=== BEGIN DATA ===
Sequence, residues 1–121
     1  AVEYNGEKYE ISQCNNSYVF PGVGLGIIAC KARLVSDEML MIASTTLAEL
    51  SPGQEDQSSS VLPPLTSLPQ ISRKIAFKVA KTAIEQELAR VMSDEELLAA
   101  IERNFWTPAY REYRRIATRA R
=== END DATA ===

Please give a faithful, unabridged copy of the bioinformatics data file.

Sequence, residues 1–121
     1  AVEYNGEKYE ISQCNNSYVF PGVGLGIIAC KARLVSDEML MIASTTLAEL
    51  SPGQEDQSSS VLPPLTSLPQ ISRKIAFKVA KTAIEQELAR VMSDEELLAA
   101  IERNFWTPAY REYRRIATRA R